The flip side of this is how Apple moves ahead under a new CEO. Time will tell if Jobs' legacy ran company-wide, or whether it was the individual that sparked the innovation process. Here at the Hot Spots Movement, we spend a lot of time focusing on how innovation can be institutionalised (a contradiction in terms?). That is to say, how innovation can become one of a company's processes, and that we can build structures and systems that, in turn, allow innovation and creativity to thrive.

Conversely, Page One embodies some of the key messages in The Shift: an entire industry struggling to come to terms with seismic change in product, pricing and distribution. It will be so interesting to compare Apple and the New York Times in 2020, and to see which has adapted the most successfully.

The next generation: recent Nokia graduates review The Shift

We have been looking at the Nokia Global Graduate Program lately: Nokia is a company the Hot Spots Movement has worked with a great deal, and the organisation there thrives on providing a creative, inspirational environment where employees can generate sparks.

The programme is designed as a 12 month long job-preparedness journey, combining professional and personal development opportunities. So, we were excited to get feedback from the graduates on the programme when they read The Shift. Here are some of the comments, which give a fascinating insight into the mindset of a corporation's new blood.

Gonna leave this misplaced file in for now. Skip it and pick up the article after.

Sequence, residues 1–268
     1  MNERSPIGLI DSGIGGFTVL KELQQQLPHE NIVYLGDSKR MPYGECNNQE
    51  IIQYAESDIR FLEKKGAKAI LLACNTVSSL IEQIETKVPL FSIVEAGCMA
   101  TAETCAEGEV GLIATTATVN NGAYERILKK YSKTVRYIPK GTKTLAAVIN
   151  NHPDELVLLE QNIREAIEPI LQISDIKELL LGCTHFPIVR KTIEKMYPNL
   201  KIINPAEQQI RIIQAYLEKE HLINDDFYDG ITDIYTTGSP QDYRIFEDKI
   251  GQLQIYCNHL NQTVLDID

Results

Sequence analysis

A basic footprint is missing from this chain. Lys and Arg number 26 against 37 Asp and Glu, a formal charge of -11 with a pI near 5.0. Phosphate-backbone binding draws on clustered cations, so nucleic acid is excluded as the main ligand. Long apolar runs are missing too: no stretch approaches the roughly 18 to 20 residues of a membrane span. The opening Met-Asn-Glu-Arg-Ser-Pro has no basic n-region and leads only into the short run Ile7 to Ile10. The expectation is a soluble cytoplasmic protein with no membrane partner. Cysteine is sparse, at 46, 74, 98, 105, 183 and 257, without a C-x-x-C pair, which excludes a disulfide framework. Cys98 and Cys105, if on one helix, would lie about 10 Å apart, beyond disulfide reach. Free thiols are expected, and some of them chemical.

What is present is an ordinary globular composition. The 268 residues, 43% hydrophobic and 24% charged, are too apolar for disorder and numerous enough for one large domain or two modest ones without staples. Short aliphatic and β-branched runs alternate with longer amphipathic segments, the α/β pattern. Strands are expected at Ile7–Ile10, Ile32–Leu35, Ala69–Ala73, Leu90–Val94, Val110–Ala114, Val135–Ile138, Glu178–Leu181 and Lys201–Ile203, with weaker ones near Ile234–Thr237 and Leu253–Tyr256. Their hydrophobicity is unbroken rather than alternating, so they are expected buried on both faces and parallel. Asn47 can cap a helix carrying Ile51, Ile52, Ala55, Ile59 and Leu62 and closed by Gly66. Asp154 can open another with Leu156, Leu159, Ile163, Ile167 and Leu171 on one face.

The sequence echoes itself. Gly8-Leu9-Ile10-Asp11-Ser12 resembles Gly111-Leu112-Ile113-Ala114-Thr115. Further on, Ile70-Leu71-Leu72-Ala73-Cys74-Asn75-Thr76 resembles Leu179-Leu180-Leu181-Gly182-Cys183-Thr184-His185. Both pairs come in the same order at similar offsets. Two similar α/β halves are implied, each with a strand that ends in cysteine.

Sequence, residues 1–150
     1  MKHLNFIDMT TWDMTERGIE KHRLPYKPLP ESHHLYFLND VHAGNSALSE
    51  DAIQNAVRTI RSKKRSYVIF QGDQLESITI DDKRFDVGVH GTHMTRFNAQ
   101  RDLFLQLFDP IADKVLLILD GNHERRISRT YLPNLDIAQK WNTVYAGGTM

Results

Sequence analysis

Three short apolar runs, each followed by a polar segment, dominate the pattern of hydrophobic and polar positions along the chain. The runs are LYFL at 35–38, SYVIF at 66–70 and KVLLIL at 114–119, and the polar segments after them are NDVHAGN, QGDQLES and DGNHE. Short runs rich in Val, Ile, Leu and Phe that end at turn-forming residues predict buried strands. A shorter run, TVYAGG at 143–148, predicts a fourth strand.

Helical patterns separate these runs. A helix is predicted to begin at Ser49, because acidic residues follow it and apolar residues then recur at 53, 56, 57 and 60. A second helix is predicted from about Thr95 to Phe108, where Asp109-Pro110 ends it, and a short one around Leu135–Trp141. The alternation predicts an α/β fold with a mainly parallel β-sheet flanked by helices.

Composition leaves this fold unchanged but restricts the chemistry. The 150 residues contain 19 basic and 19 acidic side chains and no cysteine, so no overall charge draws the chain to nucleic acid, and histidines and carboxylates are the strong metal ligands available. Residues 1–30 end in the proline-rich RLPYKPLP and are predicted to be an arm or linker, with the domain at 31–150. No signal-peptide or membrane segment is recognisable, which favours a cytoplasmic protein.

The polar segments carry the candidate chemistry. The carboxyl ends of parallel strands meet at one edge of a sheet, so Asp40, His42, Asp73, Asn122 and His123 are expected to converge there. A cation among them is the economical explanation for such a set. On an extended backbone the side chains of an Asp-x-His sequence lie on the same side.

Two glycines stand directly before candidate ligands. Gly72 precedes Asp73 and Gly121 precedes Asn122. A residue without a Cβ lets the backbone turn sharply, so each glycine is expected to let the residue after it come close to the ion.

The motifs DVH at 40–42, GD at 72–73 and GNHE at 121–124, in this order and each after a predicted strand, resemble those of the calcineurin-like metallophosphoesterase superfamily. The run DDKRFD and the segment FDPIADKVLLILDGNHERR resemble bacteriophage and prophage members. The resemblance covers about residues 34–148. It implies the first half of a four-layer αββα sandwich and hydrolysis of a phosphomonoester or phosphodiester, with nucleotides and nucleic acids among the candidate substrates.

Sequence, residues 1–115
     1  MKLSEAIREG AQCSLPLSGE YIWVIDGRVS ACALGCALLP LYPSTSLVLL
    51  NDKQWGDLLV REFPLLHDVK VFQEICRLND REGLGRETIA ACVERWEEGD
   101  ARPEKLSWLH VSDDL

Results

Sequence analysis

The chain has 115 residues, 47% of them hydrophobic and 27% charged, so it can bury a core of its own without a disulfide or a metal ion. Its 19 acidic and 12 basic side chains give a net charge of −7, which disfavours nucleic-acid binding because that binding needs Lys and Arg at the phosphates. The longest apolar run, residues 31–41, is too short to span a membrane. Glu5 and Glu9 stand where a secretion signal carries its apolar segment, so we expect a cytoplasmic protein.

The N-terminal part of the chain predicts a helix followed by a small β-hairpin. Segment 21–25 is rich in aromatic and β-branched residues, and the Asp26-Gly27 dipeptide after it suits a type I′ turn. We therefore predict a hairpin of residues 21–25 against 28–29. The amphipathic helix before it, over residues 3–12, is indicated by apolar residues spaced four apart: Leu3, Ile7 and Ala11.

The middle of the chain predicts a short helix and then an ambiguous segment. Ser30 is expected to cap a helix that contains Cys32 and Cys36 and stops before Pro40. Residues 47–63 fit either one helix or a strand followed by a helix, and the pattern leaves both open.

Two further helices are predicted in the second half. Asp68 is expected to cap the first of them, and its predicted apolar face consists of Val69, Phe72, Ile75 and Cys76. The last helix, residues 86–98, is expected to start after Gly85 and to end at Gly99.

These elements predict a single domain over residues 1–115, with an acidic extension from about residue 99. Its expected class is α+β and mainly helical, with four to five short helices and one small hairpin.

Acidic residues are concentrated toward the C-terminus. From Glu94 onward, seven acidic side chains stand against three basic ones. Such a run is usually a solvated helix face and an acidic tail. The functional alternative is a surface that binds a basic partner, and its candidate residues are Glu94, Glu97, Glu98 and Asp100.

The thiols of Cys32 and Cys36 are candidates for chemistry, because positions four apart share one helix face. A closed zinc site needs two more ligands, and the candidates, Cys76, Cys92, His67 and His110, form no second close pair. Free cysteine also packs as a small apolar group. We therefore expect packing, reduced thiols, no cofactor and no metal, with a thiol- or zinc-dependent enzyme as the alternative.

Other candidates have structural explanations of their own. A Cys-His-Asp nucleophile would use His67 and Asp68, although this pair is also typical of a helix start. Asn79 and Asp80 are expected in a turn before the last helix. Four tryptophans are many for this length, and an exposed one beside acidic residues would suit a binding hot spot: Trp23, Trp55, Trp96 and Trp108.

You can read their feedback here – it provides a snapshot of Generation Y across cultures and geographical location.

FOW3: now spanning four continents

We are delighted to announce that we now have Middle East representation for the Future of Work Research Consortium 3, which launches in just over a month. This means we have companies from the US, Europe, Asia and the Middle East. If you would like to join the Consortium – especially if you are one of the non-represented continents – we would love to have you.

The four key themes for the consortium are: Technology Advance; Complex Collaboration; Future Leaders; and Generational Cohesion. If you would like to read more about what is involved in become a member of FOW3, just click here for a summary.

Consensus that education needs to change

Lynda has been kept very busy reading the nominated books for the FT/Goldman Sachs Business Book of the Year, for which she returns as one of the judging panel. A number of the authors have defined the need for major change in the education and training systems – an argument she made in The Shift.

Lynda's view is that the interconnectivity of at least 5 billion people will cause migration of skills, drawing talented people together and providing increased competition. In addition, the technological revolution will replace more and more routine tasks, forcing "human" tasks of creativity and innovation to become front, left and centre on the agenda.

Read her thoughts about how education should change here.